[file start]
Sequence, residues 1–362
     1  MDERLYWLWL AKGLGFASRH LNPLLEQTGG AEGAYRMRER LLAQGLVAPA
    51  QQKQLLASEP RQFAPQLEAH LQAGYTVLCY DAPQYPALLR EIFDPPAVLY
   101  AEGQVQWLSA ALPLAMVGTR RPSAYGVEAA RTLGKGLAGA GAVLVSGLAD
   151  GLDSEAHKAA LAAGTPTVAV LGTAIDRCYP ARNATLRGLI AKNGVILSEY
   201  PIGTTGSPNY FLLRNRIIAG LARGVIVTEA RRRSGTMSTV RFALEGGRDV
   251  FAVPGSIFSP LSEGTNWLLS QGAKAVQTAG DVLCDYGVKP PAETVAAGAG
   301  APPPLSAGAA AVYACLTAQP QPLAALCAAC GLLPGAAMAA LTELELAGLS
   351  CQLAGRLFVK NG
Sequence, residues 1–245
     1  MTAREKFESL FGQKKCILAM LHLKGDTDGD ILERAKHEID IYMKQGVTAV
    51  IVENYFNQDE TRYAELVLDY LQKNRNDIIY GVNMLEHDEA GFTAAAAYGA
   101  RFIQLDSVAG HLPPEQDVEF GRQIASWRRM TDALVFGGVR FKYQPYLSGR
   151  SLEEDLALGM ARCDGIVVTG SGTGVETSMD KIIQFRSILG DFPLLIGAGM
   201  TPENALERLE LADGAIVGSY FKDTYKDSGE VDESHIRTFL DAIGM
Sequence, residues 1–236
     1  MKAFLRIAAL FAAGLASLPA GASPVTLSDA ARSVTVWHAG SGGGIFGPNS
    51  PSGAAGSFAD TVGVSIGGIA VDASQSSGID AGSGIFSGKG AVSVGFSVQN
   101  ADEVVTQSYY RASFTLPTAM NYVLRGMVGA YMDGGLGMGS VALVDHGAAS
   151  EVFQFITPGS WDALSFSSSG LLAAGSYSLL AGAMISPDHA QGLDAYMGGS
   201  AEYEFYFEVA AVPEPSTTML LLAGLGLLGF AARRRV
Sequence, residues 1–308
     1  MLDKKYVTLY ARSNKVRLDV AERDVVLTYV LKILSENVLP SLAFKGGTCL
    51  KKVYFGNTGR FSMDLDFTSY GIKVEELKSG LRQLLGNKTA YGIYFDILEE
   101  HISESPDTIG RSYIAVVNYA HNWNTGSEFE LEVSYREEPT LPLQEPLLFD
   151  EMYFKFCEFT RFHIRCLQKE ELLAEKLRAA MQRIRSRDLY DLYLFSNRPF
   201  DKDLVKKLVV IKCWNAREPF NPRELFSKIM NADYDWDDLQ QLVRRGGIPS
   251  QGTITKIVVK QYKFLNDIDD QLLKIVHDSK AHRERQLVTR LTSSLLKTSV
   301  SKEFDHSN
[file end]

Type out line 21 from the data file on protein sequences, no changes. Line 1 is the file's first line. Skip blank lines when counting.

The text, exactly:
   201  AEYEFYFEVA AVPEPSTTML LLAGLGLLGF AARRRV